Skip to main content Accessibility help
×
Hostname: page-component-8448b6f56d-mp689 Total loading time: 0 Render date: 2024-04-24T04:07:12.036Z Has data issue: false hasContentIssue false

CHAPTER 5 - ‘Paganism in Early-Anglo-Saxon East Anglia’

Published online by Cambridge University Press:  05 April 2013

T. A. Heslop
Affiliation:
University of East Anglia
Elizabeth Mellings
Affiliation:
University of East Anglia
Margit Thøfner
Affiliation:
University of East Anglia
Get access

Summary

INTRODUCTION

East Anglia has long been recognised as pivotal to our understanding of the Early Anglo-Saxon period. Situated on the frontier of migrationary movements around the North Sea, it witnessed a complex mixing of peoples, cultural traditions and religious beliefs between the late fourth and sixth centuries. Understanding the nature of what constituted faith to those early people we conveniently term the East Angles is therefore challenging and draws upon a variety of evidence. In particular, it relies on us appreciating that a native Romano-British population need not have been passive, mute bystanders to the new ways brought by immigrant Germanic peoples, but may have made their own particular contributions to create new traditions. Certainly, the inhabitants of what was to become East Anglia were geographically well-placed to absorb or react to the beliefs and material culture of those passing through or choosing to settle within the local landscape. This chapter will therefore attempt to summarise how current scholarly thought interprets pre- Christian Anglo-Saxon belief, or ‘paganism’, and how East Anglia in particular can contribute to such a debate.

Anglo-Saxon paganism has fascinated scholars for decades, yet remains poorly understood. Despite a voluminous literature, the limited primary evidence available is stubbornly problematic for interpreting what the pre-Christian Anglo-Saxon settlers to these shores believed, and the extent to which such popular convictions may have articulated themselves in faith systems.

Type
Chapter
Information
Art, Faith and Place in East Anglia
From Prehistory to the Present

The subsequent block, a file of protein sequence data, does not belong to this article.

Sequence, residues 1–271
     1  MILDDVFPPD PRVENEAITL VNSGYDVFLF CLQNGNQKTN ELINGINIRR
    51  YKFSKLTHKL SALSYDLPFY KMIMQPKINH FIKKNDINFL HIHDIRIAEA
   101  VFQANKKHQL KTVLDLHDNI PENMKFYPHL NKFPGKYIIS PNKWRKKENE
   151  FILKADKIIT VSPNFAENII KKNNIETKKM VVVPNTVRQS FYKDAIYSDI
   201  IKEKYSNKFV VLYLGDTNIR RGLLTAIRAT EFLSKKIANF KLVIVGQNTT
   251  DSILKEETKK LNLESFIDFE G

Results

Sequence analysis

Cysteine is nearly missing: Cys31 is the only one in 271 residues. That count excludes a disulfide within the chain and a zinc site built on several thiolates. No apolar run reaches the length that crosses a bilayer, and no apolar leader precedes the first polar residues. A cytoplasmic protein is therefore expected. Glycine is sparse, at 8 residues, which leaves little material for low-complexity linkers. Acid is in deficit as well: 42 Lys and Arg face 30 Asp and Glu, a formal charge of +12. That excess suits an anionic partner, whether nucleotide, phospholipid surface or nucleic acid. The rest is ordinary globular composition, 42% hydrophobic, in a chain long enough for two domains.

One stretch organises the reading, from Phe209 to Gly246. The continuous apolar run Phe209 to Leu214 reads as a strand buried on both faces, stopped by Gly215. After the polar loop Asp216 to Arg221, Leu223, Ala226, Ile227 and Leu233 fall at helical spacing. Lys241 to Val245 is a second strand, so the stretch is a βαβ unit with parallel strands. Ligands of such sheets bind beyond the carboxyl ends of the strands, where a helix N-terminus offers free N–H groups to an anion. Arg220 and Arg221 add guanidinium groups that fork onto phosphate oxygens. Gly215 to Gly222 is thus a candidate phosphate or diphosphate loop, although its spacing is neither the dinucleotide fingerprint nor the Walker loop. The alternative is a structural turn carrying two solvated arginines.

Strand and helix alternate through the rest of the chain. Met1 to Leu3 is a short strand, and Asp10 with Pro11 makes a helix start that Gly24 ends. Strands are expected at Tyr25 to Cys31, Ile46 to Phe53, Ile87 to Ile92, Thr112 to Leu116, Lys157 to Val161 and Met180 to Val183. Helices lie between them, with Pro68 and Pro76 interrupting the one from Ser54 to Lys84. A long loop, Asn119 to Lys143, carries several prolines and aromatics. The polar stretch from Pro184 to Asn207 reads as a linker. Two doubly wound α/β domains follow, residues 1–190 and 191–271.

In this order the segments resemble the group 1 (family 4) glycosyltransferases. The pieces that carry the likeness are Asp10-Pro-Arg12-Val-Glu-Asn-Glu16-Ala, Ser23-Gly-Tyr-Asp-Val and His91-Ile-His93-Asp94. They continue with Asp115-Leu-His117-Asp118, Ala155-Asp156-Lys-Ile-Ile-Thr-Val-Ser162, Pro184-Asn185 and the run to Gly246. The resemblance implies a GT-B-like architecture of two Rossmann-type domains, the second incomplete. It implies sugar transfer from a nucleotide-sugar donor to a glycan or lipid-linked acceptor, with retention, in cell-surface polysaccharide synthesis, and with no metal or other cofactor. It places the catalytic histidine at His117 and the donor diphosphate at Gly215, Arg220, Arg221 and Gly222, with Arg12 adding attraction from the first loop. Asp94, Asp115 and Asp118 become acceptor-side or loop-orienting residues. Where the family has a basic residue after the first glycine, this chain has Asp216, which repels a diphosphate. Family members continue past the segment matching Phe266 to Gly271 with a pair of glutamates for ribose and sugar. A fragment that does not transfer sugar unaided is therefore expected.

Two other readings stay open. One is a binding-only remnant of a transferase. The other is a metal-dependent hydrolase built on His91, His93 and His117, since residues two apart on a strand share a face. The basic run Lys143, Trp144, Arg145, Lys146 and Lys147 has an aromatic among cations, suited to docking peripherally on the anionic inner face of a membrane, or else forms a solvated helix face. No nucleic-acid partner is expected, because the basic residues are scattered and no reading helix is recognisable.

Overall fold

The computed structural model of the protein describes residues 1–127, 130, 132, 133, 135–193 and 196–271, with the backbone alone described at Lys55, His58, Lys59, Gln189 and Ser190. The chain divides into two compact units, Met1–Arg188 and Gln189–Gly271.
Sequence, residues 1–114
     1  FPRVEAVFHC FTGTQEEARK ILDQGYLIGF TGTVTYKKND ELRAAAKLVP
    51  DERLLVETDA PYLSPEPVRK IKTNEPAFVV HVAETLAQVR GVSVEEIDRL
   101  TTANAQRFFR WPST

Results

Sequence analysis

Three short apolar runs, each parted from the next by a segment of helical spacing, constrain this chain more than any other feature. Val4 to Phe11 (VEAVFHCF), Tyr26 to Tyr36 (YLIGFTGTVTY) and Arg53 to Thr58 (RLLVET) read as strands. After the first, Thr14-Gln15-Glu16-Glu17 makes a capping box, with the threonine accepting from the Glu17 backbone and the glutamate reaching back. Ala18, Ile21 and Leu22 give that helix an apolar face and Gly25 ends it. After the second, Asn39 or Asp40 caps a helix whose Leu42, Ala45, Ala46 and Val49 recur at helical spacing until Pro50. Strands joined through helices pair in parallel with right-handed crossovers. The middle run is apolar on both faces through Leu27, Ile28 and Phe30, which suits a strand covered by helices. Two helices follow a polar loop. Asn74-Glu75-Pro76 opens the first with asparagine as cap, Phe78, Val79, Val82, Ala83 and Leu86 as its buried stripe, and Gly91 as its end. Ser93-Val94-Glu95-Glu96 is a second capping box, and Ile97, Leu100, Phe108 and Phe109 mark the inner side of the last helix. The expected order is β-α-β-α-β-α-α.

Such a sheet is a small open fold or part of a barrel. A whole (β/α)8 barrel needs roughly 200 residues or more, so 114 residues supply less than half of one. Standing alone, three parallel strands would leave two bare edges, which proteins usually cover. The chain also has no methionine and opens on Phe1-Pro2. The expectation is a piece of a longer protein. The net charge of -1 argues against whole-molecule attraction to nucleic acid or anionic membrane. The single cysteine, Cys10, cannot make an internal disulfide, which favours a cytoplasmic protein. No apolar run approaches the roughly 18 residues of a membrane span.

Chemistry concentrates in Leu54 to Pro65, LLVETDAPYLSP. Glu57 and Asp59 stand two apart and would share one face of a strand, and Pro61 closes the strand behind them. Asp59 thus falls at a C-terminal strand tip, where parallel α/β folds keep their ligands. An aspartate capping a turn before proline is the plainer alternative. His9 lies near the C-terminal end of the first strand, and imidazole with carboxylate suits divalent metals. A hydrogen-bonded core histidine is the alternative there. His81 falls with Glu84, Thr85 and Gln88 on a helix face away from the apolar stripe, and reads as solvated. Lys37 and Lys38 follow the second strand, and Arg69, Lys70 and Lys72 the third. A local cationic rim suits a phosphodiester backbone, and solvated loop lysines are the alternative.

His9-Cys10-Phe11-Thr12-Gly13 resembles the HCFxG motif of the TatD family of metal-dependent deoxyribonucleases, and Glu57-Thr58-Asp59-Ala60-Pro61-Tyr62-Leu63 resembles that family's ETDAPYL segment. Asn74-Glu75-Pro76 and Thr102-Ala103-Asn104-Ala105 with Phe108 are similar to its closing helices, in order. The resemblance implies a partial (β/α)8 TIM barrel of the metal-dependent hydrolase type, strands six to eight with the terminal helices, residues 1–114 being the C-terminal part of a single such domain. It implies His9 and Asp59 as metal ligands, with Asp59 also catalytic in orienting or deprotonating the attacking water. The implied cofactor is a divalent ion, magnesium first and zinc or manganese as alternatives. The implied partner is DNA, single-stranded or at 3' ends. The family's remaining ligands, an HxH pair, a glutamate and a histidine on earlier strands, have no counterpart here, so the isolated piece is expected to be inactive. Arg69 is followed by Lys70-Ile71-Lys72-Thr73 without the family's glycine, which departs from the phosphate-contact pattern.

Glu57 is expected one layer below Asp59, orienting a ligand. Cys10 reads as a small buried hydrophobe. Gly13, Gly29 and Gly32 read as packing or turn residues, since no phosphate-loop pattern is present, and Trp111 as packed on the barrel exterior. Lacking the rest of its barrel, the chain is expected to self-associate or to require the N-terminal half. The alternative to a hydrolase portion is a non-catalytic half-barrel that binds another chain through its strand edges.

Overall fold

, pp. 66 - 87
Publisher: Boydell & Brewer
Print publication year: 2012

Access options

Get access to the full version of this content by using one of the access options below. (Log in options will check for institutional or personal access. Content may require purchase if you do not have access.)

Save book to Kindle

To save this book to your Kindle, first ensure coreplatform@cambridge.org is added to your Approved Personal Document E-mail List under your Personal Document Settings on the Manage Your Content and Devices page of your Amazon account. Then enter the ‘name’ part of your Kindle email address below. Find out more about saving to your Kindle.

Note you can select to save to either the @free.kindle.com or @kindle.com variations. ‘@free.kindle.com’ emails are free but can only be saved to your device when it is connected to wi-fi. ‘@kindle.com’ emails can be delivered even when you are not connected to wi-fi, but note that service fees apply.

Find out more about the Kindle Personal Document Service.

Available formats
×

Save book to Dropbox

To save content items to your account, please confirm that you agree to abide by our usage policies. If this is the first time you use this feature, you will be asked to authorise Cambridge Core to connect with your account. Find out more about saving content to Dropbox.

Available formats
×

Save book to Google Drive

To save content items to your account, please confirm that you agree to abide by our usage policies. If this is the first time you use this feature, you will be asked to authorise Cambridge Core to connect with your account. Find out more about saving content to Google Drive.

Available formats
×